'Privileged scaffolds' are molecular frameworks which have been successfully exploited for small molecule drug discovery. Peptide privileged scaffolds, featuring a strictly conserved multiple-disulfide framework and high variability in the rest of the sequence, display a broad range of biological effects, including antimicrobial and antiviral activity. Unlike small molecules, however, the cost of manufacturing these peptides is high, and their synthesis challenging. We previously described a simplified privileged scaffold corresponding to the γ-core of human β-defensin-3 (HBD3). The γ-core is a common structural signature found in virtually all host defense peptides (HDPs) stabilized by multiple disulfides, and we showed that for HBD3, it represents the evolutionary starting point of the full-length molecule and, thus, is itself a primordial HDP. Accordingly, we showed that the peptide folded rapidly and was stable in human serum, and displayed many of the biological activities of HBD3. We report here that in addition to the previously reported antibacterial activity on planktonic bacteria, the γ-core peptide is active against biofilm formation and maturation. We also show that it is readily cell penetrant, like HBD3, although with a different mechanism, which is independent from CD98. Overall, the potency of the single-disulfide, 23-amino acid γ-core is comparable with the full-length peptide across the whole spectrum of examined properties, and the peptide is not toxic to human cells. The HBD3 γ-core peptide may therefore represent the first example of an economically viable lead peptide derived from a HDP privileged scaffold. Copyright © 2017 European Peptide Society and John Wiley & Sons, Ltd.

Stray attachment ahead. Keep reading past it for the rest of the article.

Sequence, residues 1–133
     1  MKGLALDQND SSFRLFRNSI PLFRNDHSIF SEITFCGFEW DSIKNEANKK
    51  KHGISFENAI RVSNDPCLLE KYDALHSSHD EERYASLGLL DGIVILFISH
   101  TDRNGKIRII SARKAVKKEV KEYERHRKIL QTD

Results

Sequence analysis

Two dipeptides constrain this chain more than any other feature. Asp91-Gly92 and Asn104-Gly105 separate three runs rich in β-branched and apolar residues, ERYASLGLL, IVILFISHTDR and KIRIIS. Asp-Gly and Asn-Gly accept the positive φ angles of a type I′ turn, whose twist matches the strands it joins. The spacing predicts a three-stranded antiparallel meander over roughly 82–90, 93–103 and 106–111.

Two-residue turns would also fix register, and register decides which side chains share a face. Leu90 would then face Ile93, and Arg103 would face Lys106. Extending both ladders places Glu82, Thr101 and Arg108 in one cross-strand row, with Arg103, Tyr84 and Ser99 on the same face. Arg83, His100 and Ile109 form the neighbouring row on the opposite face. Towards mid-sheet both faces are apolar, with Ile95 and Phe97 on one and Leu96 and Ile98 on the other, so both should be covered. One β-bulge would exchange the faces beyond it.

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http://dx.doi.org/10.1002/psc.2962DOI Listing
April 2017

An ancestral host defence peptide within human β-defensin 3 recapitulates the antibacterial and antiviral activity of the full-length molecule.

Sci Rep 2015 Dec 21;5:18450. Epub 2015 Dec 21.

CEINGE-Biotecnologie Avanzate, Via Gaetano Salvatore 486, 80145 Napoli, Italy.

Host defence peptides (HDPs) are critical components of innate immunity. Despite their diversity, they share common features including a structural signature, designated "γ-core motif". We reasoned that for each HDPs evolved from an ancestral γ-core, the latter should be the evolutionary starting point of the molecule, i.e. it should represent a structural scaffold for the modular construction of the full-length molecule, and possess biological properties. We explored the γ-core of human β-defensin 3 (HBD3) and found that it: (a) is the folding nucleus of HBD3; (b) folds rapidly and is stable in human serum; (c) displays antibacterial activity; (d) binds to CD98, which mediates HBD3 internalization in eukaryotic cells; (e) exerts antiviral activity against human immunodeficiency virus and herpes simplex virus; and (f) is not toxic to human cells. These results demonstrate that the γ-core within HBD3 is the ancestral core of the full-length molecule and is a viable HDP per se, since it is endowed with the most important biological features of HBD3. Notably, the small, stable scaffold of the HBD3 γ-core can be exploited to design disease-specific antimicrobial agents.
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http://dx.doi.org/10.1038/srep18450DOI Listing
http://www.ncbi.nlm.nih.gov/pmc/articles/PMC4685272PMC
December 2015

Design and activity of a cyclic mini-β-defensin analog: a novel antimicrobial tool.

Int J Nanomedicine 2015 15;10:6523-39. Epub 2015 Oct 15.

Dipartimento di Farmacia, Università di Napoli Federico II, Naples, Italy ; Istituto di Biostrutture e Bioimmagini, CNR, Naples, Italy.